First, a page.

Phase diagram

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    asmond
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    Phase diagram

    Post by asmond on Mon Jun 15 2009, 18:49

    • A phase diagram in physical chemistry, engineering, mineralogy, and materials science is a type of chart used to show conditions at which thermodynamically-distinct phases can occur at equilibrium. In mathematics and physics, "phase diagram" is used with a different meaning: a synonym for a phase space.


    • Common components of a phase diagram are lines of equilibrium or phase boundaries, which refer to lines that mark conditions under which multiple phases can coexist at equilibrium. Phase transitions occur along lines of equilibrium.

      Triple points are points on phase diagrams where lines of equilibrium intersect. Triple points mark conditions at which three different phases can coexist. For example, the water phase diagram has a triple point corresponding to the single temperature and pressure at which solid, liquid, and gaseous water can coexist in a stable equilibrium.

      The solidus is the temperature below which the substance is stable in the solid state. The liquidus is the temperature above which the substance is stable in a liquid state. There may be a gap between the solidus and liquidus; within the gap, the substance consists of a mixture of crystals and liquid (like a "slurry").




    • The simplest phase diagrams are pressure-temperature diagrams of a single simple substance, such as water. The axes correspond to the pressure and temperature. The phase diagram shows, in pressure-temperature space, the lines of equilibrium or phase boundaries between the three phases of solid, liquid, and gas.

      The curves on the phase diagram show the points where the free energy (and other derived properties) becomes non-analytic: their derivatives with respect to the coordinates (temperature and pressure in this example) change discontinuously (abruptly). For example, the heat capacity of a container filled with ice will change abruptly as the container is heated past the melting point. The open spaces, where the free energy is analytic, correspond to single phase regions. Single phase regions are separated by lines of non-analytical, where phase transitions occur, which are called phase boundaries.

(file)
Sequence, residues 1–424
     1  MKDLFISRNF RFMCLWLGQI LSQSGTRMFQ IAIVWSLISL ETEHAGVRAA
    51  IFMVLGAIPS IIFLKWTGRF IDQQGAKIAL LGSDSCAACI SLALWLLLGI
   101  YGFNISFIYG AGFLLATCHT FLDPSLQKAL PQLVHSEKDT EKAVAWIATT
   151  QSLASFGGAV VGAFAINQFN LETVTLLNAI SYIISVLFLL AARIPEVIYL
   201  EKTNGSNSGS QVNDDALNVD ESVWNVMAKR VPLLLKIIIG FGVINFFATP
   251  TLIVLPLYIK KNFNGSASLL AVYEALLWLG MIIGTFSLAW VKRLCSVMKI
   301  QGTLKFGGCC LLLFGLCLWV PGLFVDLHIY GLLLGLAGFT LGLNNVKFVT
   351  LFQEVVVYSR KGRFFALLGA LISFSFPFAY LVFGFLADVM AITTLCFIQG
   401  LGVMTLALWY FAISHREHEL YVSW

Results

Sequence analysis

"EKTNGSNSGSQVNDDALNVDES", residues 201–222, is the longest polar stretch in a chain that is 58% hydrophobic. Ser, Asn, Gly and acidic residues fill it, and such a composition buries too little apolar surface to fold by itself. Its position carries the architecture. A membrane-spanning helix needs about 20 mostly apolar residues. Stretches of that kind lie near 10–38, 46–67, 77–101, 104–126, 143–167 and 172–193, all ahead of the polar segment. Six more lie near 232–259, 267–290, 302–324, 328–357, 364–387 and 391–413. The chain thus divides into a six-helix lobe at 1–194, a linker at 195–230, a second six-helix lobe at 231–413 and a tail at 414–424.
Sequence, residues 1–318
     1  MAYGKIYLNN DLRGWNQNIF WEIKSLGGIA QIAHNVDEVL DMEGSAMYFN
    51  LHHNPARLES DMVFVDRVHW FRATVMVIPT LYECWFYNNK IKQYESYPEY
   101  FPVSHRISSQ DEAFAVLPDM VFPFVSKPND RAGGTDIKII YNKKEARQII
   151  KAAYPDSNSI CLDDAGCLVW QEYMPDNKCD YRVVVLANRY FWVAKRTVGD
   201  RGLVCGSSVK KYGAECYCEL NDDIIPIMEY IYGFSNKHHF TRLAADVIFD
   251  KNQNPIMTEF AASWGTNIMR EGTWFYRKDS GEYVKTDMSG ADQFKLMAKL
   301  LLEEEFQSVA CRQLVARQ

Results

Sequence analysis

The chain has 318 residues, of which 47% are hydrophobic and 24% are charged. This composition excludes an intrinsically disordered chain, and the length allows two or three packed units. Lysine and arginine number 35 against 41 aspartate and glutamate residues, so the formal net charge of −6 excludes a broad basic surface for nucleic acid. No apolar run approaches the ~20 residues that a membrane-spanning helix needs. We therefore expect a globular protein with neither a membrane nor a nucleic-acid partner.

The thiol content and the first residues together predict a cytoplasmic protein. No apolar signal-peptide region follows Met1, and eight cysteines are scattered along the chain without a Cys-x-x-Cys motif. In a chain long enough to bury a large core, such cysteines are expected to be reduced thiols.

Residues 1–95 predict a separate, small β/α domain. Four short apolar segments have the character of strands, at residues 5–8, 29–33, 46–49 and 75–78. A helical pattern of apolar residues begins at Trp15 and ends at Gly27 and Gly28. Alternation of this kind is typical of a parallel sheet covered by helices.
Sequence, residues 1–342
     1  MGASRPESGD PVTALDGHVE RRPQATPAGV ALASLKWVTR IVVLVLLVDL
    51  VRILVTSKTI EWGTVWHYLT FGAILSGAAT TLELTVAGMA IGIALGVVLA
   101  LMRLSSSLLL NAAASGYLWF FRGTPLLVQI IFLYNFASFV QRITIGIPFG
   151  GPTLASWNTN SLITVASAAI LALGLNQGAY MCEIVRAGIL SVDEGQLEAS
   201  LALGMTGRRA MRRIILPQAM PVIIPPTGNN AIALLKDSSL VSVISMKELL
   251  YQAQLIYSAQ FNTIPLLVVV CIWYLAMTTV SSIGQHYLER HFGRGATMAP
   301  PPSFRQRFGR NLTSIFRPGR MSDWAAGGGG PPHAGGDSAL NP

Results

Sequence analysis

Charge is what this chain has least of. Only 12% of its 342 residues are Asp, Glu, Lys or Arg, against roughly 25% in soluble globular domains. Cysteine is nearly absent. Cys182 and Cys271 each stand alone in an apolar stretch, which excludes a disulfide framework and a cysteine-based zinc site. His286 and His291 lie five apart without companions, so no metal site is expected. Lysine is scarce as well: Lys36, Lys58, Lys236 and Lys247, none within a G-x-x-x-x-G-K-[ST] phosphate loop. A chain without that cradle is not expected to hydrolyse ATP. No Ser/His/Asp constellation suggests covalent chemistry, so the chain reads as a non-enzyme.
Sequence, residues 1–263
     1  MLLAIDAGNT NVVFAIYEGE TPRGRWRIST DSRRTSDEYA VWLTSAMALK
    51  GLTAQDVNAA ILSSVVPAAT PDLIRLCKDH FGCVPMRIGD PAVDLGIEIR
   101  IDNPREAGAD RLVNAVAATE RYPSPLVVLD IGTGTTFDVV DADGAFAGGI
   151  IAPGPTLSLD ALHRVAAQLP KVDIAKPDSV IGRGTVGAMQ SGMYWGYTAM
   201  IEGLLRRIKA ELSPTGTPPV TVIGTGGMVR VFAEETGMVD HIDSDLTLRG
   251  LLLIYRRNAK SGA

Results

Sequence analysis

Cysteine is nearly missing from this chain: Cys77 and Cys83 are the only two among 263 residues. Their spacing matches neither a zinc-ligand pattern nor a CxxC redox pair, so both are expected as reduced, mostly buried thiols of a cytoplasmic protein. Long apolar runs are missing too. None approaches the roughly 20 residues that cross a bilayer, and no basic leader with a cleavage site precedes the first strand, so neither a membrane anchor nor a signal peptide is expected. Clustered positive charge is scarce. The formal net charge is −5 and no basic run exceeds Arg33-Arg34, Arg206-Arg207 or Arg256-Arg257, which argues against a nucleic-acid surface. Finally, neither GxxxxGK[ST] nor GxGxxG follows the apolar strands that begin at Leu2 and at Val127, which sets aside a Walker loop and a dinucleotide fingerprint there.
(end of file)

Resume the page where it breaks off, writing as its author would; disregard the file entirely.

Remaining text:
In the diagram on the left, the phase boundary between liquid and gas does not continue indefinitely. Instead, it terminates at a point on the phase diagram called the critical point. This reflects the fact that, at extremely high temperatures and pressures, the liquid and gaseous phases become indistinguishable[2], in what is known as a supercritical fluid. In water, the critical point occurs at around Tc=647.096 K (1,164.773 °R), pc=22.064 MPa (3,200.1 psi) and ρc=356 kg/m³.[3]

      The existence of the liquid-gas critical point reveals a slight ambiguity in labelling the single phase regions. When going from the liquid to the gaseous phase, one usually crosses the phase boundary, but it is possible to choose a path that never crosses the boundary by going to the right of the critical point. Thus, the liquid and gaseous phases can blend continuously into each other. The solid-liquid phase boundary can only end in a critical point if the solid and liquid phases have the same symmetry group[citation needed].

      The solid-liquid phase boundary in the phase diagram of most substances has a positive slope; the greater the pressure on a given substance, the closer together the molecules of the substance are brought to each other, which increases the effect of the substance's intermolecular forces. Thus, the substance requires a higher temperature for its molecules to have enough energy to break out the fixed pattern of the solid phase and enter the liquid phase. A similar concept applies to liquid-gas phase changes.[4] Water, because of its particular properties, is one of the several exceptions to the rule.


    Abstracted from Wikipedia.

    coolkid
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    Re: Phase diagram

    Post by coolkid on Fri Jun 19 2009, 21:39

    wah.... gud wor.......
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    coolbios91
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    Re: Phase diagram

    Post by coolbios91 on Fri Jun 19 2009, 22:33

    did u really read?! I did not....i confess....
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    Riot!
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    Re: Phase diagram

    Post by Riot! on Sun Jul 05 2009, 02:25

    so hard....

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